|Can I drink it? Yes I can.
I was lucky enough to visit the Tasty Weasel last time I was in Colorado which is the affectionate moniker given to the brewery tap room. I was amazed at the scale of the Oskar Blues operation and as I watched those cans fly off the production line I hoped that one day some of those cans would cross the Atlantic and find their way into the UK. Oskar Blues have an in your face marketing attitude not unlike Brewdog but it’s safe to say that OB were on the scene long before Punk IPA was even a pipe dream. Oskar Blues were the first American craft brewery (in America, ‘craft’ usually refers to a brewery's production size) to start canning their beer way back in 2002, in fact they beat fellow Colorado brewery Ska to the punch by just a few months. Oskar Blues beer is only available in can or via keg but as both these methods are excellent for preserving freshness I think they’d be a welcome addition to the US exports already available on these shores. For now though, they seem to be happy to continue expanding their US enterprise and with venues such as Red Rocks and even Frontier Airlines now stocking their brews, I don’t blame them one bit.
So let’s start with the beer that put this brewery on the map, Dale's Pale Ale. I first drank Dale's over two years ago on my first trip to the States, back then it was far too bitter for my tastes but these days I just can’t get enough of it. There is so much flavour crammed into this little 12 ounce recepticle that you actually get a little rush of the hop aromas when you crack open the can. Dale's pours light amber in colour and manages to produce a nice off white one finger head which hangs around thanks to the lively carbonation. Aromas of melon and mandarin rush up your nostrils but even these two scents are dominated by the huge grapefruit blast that Dale's produces, pink grapefruit is one of my favourite fruits and this brew packs it in spades.
When you take your first sip, Dale's Pale Ale is subtly fruity, zingy and downright refreshing but it’s as you swallow that you get an enormous rush of bitter grapefruit that tries to suck your mouth dry but just leaves a little lingering bitterness. Each sip of Dale's makes you want to take another, you don’t notice the 6.5% ABV at all as you relentlessly quaff away. Quite simply, for me Dale's Pale Ale is one of the best.
I’ve had Deviant Dale's IPA before, the imperial or double version of DPA, in fact when I first had it on tap in the Mayor of Old Town, Fort Collins such was it’s resinous quality that I described it as ‘an IPA you could paint your house with.’ Painting your house with beer would be a foolish idea, firstly it’s a waste of good beer and secondly your house will soon smell like the tables in a Sam Smiths pub, stale digestive biscuits and rotting cabbage, no painting your house with beer would not be a good idea at all. Deviant Dale's pours a darker shade of amber than your regular Dale's and is altogether more viscous, it still produces a rocky one centimetre head but this too is a darker shade of beige indicating the higher proportion of malts required to balance this juggernaut of a beer.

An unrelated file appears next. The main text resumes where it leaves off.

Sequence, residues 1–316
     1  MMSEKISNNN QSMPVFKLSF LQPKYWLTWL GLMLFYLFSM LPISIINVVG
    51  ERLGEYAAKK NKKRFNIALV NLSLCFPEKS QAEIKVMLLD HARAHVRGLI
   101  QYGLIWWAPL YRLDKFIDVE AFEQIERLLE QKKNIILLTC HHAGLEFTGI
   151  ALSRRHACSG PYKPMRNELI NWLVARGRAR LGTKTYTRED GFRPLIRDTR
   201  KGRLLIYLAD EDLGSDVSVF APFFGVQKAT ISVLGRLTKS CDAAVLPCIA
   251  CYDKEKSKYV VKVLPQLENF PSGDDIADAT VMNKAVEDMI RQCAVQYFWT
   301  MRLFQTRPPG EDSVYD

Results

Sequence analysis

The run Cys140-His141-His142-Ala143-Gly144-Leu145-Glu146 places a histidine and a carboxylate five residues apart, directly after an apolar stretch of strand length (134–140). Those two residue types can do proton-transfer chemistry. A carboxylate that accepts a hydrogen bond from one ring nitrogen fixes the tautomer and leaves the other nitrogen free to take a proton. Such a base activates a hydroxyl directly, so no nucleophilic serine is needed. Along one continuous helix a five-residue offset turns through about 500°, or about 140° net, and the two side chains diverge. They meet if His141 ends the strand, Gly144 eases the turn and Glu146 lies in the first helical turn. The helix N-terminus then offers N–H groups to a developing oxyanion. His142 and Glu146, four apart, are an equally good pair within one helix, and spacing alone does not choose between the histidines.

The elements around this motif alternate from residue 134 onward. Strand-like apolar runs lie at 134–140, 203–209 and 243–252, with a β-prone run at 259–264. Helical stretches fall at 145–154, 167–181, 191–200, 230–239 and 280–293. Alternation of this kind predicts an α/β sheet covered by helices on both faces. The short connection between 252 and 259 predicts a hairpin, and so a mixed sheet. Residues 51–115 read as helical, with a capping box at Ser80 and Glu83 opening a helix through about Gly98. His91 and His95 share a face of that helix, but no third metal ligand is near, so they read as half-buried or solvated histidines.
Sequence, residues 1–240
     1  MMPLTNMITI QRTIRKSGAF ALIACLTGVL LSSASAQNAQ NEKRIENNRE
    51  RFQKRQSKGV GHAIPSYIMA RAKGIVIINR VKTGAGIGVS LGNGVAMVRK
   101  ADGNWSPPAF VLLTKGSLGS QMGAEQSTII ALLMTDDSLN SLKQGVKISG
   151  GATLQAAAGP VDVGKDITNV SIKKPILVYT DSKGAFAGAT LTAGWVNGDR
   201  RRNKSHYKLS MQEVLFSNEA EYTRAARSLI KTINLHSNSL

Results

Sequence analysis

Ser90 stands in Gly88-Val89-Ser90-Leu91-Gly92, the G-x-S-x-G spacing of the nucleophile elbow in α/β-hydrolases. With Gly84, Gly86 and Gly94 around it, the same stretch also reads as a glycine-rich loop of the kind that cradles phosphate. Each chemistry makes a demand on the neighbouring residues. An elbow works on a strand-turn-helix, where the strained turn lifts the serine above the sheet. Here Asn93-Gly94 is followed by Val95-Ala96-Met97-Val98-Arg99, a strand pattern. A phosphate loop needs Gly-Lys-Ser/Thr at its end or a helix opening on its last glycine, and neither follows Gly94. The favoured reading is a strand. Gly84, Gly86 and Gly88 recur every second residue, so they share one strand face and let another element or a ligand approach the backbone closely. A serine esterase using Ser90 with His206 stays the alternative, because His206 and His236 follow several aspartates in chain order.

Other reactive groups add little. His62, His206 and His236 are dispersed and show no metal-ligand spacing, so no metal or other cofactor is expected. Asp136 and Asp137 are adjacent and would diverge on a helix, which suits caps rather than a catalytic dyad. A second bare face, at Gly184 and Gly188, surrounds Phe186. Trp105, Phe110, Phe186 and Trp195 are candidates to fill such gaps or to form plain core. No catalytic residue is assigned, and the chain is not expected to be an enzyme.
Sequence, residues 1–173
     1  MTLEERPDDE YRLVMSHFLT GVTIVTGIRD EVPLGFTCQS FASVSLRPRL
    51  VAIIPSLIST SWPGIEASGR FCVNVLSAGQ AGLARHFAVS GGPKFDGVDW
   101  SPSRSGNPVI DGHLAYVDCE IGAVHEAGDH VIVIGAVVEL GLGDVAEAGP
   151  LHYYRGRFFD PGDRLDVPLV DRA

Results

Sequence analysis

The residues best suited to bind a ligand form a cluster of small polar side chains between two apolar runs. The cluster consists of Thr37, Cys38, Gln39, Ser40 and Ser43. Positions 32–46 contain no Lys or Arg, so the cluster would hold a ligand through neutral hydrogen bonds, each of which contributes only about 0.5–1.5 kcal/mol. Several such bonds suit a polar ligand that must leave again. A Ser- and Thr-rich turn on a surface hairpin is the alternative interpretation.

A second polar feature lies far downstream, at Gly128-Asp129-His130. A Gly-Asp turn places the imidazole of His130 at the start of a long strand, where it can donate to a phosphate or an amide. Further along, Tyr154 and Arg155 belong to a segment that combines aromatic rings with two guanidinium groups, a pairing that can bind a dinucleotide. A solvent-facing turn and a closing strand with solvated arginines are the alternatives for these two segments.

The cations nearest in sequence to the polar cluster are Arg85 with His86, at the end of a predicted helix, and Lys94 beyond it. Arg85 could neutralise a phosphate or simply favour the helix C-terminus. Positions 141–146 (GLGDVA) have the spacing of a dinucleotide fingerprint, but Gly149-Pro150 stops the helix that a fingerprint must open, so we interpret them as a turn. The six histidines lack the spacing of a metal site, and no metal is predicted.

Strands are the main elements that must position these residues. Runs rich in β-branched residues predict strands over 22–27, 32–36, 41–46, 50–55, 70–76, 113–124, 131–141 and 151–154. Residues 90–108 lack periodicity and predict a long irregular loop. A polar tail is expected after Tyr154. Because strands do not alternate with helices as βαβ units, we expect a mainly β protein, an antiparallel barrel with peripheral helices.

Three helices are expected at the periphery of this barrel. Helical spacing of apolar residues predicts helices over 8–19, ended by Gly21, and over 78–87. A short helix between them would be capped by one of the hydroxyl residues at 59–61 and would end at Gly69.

On the nose the grapefruit and melon notes are still there but these are joined by an almost floral pine resin scent and huge mango aromas, in fact it’s almost like smelling raw, fresh hops. In the mouth this huge American IPA is thick and a little bit cloying but once your brain starts to interpret the flavours it’s like drinking the sticky juice from the bottom of a bowl of tropical fruit salad. Despite it being resinous and little bit overbearing, this is a beer you should stick with. This is the third or fourth time I am trying this beer and it gets better with every mouthful, at first it was a challenge and now it is an absolute delight. The 8% alcohol content is hidden beautifully and despite it’s high level of bitterness there is enough sweet, biscuity malt to support the massive wave of citrus and tropical fruits that are packed into each sip of this beer.
Overall I think I still prefer Dale's Pale Ale to it's bigger brother, partly because I think it’s a better beer but only just, the other part is that it was one of the first really bitter beers that I ever tried. It now, to me, tastes totally different to the first time I took a sip of this sumptuous brew but as I've tried hundreds of beers over the last couple of years and started writing about them it's always remained head and shoulders above most of the competition. The other wonderful thing about beer in cans, bar it’s freshness, is the ease in which it packs into a suitcase (pro tip, cans fit in shoes), it’s also much easier to ship overseas so come on Oskar Blues, lets see Dale's Pale Ale on British shores sooner rather than later.